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Bankers who work in tall towers are paid more

Tall tower, large wallet

How tall is your office? Very tall? That's good - a tall office seems to be correlated with a large wallet.

New research from, the self-described 'real-time salary data specialist' suggests that UK-based bankers who work in Canary Wharf are paid more than bankers who work in the City of London.

The differences in compensation are quite substantial - especially when it comes to bonuses for junior bankers. Emolument found that Canary Wharf-based analysts get 50% higher bonuses than analysts based in the City of London. When salaries are factored in, analysts earn 8% more working in the Canary Wharf than in the City, and associates earn 21% more.

Canary Wharf is renowned for its tall towers. The City of London is renowned for its low-rise heritage buildings, although this is changing (slowly). Bankers in tall towers appear to be paid more.

Correlation does not necessarily mean causation, however. Higher pay in Canary Wharf may have less to do with the height of the buildings than the composition of the residents. The City of London is home to Deutsche Bank and UBS, neither of whom are known as big payers. Canary Wharf is home to U.S. houses like Citi and Morgan Stanley which have traditionally skewed pay towards performance. And yet, the City of London also hosts high payers like Goldman and BAML, and Canary Wharf also hosts low payers like HSBC - suggesting that composition may not be an explanation either.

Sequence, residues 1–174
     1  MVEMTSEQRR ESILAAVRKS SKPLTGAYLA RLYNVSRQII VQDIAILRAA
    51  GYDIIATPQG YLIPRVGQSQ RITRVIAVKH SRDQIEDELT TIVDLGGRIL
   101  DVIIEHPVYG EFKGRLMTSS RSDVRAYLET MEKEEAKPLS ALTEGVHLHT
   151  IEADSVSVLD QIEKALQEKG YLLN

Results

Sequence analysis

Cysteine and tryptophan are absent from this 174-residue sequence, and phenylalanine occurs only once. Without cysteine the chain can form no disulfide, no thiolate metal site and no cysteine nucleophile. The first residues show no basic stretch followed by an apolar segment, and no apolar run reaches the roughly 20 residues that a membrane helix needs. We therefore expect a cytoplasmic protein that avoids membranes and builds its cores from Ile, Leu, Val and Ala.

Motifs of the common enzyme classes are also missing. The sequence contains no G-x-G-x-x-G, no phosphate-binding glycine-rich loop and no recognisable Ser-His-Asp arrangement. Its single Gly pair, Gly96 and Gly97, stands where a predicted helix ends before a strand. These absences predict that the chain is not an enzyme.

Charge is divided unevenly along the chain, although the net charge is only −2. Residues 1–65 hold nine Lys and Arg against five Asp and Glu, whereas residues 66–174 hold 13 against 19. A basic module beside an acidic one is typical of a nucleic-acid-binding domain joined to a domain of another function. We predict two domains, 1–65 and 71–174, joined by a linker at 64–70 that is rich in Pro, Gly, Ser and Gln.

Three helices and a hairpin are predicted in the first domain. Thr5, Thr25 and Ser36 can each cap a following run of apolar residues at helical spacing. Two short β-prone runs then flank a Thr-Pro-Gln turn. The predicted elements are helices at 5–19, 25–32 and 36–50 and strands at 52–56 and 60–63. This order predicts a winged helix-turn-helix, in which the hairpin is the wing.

Alternative explanations are welcome. Could it be that Canary Wharf bankers earn more to compensate the additional distance they have to travel to work (from West London) every morning?

Related articles:

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AUTHORSarah Butcher Global Editor
  • An
    19 June 2014

    The explanation likely lies with the fact that the majority of the names present in Canary Wharf are established names who are likely to consistently be bringing in revenue. The author wasn't far off, but the difference isn't down to, say, the difference between banks like Morgan Stanley's pay and Deutsche's, which in the grand scheme of things isn't that different, but rather down to the fact that pretty much the majority of office space in CW is taken up by 'big' players, whereas there are plenty of boutique banks in the City that won't make that much, and hence won't pay that much, and the pay gap will diverge with seniority, hence the difference between associates is greater than analysts.

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